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Tatiana Maslany, Canadian star of sci-fi series Orphan Black, is getting Emmy buzz, an excitement no one missed at this week’s Banff World Media Festival. (Peter Power/The Globe and Mail)
Tatiana Maslany, Canadian star of sci-fi series Orphan Black, is getting Emmy buzz, an excitement no one missed at this week’s Banff World Media Festival. (Peter Power/The Globe and Mail)

TV’s new equation: Content bonanza meets revenue crisis Add to ...

Social media can do more than engage viewers and promote content – done right, it can hand crucial qualitative data, and an e-mail address to broadcasters struggling to figure out who is watching what, where, and maybe even why.

“If the medium is the message and the audience is the medium, then what does that actually mean?” asks Ana Serrano, chief digital officer at the Canadian Film Centre. “How do you play with your audiences in such a way that you give them a starring role in whatever property it is that you’re developing?” Audience behaviour, she says, is one of the key metrics being tracked as a way to determine the value of content online, in an effort to convince advertisers that they’ll get bang for their buck. “The producers who are able to actually make a case for true participatory audience behaviour are the ones who can win.”

If all this may not be brand new, observers say we’re at a tipping point: A growing number of producers and writers are willing, even eager, to create digital content first – and not just as a stepping stone to the big(ger) screen. Scoring a broadcast deal is a great way to access funds, but, as one conference attendee put it, it’s not the victory lap any more.

Basking in Maslana’s victory this week, Michael Hennessy, president and CEO of the Canadian Media Production Association, noted that there’s been a 25-per-cent increase in domestic production, but a decline in the number of programs being made. The reason: Canadians are making bigger-budget and better-quality shows. Productions, dare we say, that don’t look Canadian. They are sent out into the global marketplace where Cancon means nothing and they must compete on their own merits. Canadian-content creators are waking up to the need to go big or stay home.

“The real issue is: How do you, in that world where there’s more fragmentation, afford to make the quality programming that people actually want to watch? ... And what is the role of Canadian content in there?” asks Hennessy. “From a producer’s perspective, we understand it is a very simple equation. It’s totally different from the old days. You have to make stuff that people like to watch, period. If you’re not doing that, you’re not relevant any more.”

In the midst of this new world, it’s the old guard that stands to lose the most. Traditional broadcasters and distributors are trying to navigate through all the change, with fragmented viewing, advertising dollars lost to Facebook, people cutting the cord entirely, and digital natives interacting with technology seamlessly and fearlessly (and not always legally). And they have to do it, they are quick to point out, under regulatory controls that currently do not apply to over-the-top services such as Netflix. “I believe that Netflix is having a significantly greater impact on the industry, on consumption habits, on the cost of our content, on the advertising revenue that we’re generating, I think a significantly greater impact than is currently appreciated,” Bell’s Crull told the festival.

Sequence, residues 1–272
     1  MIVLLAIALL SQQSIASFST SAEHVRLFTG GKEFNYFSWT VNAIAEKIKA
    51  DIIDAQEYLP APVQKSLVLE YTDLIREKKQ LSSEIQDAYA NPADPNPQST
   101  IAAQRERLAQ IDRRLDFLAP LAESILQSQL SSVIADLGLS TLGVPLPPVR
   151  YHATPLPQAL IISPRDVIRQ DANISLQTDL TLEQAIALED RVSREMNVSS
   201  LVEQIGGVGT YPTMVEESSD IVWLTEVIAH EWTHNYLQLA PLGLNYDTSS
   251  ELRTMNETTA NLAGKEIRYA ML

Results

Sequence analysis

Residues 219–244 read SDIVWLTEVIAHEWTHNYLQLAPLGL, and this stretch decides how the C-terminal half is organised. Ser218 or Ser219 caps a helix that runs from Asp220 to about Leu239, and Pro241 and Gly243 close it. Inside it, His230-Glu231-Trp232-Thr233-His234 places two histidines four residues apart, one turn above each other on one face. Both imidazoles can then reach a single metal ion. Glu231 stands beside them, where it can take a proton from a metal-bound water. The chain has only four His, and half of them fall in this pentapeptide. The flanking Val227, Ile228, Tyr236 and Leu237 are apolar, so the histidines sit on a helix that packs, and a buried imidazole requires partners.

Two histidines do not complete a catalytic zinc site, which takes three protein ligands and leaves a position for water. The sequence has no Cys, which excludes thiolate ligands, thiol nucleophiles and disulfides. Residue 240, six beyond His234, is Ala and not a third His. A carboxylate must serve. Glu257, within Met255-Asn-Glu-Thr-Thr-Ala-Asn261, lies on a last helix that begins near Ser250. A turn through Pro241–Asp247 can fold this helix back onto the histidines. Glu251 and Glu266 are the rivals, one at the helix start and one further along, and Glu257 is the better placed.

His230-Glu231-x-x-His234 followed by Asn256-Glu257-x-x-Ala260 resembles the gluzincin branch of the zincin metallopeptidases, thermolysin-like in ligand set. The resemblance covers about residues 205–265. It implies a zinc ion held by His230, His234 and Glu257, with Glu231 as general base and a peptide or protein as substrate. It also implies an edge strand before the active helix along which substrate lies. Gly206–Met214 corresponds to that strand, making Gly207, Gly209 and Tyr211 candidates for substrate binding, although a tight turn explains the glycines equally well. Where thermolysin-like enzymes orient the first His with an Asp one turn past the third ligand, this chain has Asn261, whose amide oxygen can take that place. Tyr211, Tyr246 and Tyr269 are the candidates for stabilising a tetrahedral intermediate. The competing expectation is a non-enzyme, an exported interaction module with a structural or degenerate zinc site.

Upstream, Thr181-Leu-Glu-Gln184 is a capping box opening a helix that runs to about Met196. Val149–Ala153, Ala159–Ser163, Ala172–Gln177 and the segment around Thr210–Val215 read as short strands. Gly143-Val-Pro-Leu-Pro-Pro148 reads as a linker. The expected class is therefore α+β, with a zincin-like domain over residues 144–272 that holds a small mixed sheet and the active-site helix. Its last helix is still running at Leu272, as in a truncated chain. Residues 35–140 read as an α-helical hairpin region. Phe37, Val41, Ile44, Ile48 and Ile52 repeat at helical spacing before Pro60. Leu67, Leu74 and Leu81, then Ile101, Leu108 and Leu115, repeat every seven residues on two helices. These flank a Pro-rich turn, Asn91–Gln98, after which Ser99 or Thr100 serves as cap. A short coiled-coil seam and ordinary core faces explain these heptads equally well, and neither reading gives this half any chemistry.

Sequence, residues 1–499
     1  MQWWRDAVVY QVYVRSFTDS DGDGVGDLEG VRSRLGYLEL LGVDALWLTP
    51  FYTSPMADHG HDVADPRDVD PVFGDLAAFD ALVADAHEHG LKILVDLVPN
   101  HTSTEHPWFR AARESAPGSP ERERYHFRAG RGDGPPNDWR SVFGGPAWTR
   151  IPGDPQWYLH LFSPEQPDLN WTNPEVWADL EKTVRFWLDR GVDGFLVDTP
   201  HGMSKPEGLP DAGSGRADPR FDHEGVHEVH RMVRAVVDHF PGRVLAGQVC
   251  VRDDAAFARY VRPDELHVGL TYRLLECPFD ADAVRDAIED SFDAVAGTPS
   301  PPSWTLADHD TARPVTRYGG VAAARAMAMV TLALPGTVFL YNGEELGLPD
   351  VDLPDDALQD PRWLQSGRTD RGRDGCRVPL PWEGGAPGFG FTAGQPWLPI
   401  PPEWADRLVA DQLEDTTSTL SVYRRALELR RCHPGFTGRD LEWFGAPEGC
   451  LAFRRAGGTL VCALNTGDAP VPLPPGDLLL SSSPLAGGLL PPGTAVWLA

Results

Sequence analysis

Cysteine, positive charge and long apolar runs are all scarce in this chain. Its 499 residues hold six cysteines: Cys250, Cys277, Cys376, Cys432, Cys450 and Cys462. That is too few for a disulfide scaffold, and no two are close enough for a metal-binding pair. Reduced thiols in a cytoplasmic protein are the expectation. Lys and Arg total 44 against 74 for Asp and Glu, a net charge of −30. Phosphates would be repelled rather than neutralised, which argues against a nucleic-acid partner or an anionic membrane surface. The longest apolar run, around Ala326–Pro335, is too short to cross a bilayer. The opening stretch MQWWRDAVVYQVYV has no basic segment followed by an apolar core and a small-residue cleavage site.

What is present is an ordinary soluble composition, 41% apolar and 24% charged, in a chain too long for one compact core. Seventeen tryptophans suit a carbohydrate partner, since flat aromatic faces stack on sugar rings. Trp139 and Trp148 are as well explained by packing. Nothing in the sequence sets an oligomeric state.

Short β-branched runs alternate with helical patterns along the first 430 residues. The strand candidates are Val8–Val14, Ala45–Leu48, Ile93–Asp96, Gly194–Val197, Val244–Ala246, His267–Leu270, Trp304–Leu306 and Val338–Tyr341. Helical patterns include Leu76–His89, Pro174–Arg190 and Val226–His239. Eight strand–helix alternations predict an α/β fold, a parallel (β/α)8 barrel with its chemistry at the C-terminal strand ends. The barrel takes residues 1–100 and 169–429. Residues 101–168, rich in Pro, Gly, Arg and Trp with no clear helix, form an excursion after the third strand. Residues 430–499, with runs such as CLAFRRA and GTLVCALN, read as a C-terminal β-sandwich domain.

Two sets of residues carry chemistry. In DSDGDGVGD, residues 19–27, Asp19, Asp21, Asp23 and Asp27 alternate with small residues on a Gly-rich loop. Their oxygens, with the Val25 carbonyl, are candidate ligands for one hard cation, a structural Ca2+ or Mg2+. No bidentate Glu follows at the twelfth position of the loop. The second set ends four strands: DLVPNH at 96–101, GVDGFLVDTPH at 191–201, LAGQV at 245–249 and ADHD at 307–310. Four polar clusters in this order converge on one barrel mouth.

Depending on your perspective, Netflix is either a new (if markedly less inflammatory) N-word, or it’s a land of opportunity, eager for great original content that can drive up subscriptions, and that has the big bucks to pay for content.

But on that same panel, Rogers Media president of broadcasting Scott Moore warned the audience – made up largely of Canadian producers – that Netflix is not their white knight. “The people in this room should not want Netflix to succeed. Because Netflix is not a part of the Canadian broadcast ecosystem,” said Moore. “They have no Canadian-content requirements. They don’t have to spend money on Canadian producers. …They’re not out there actively promoting Canadian shows the way all of us are.”

Moore pointed out that broadcasters’ conditions of license dictate that they have to spend a certain percentage of gross revenues on Canadian production. So when profits drop 85 per cent, there are implications for Canadian shows. That same CRTC report shows that despite the decline in revenues, private conventional stations invested 17.6 per cent more on Canadian programming in 2012 than the year before.

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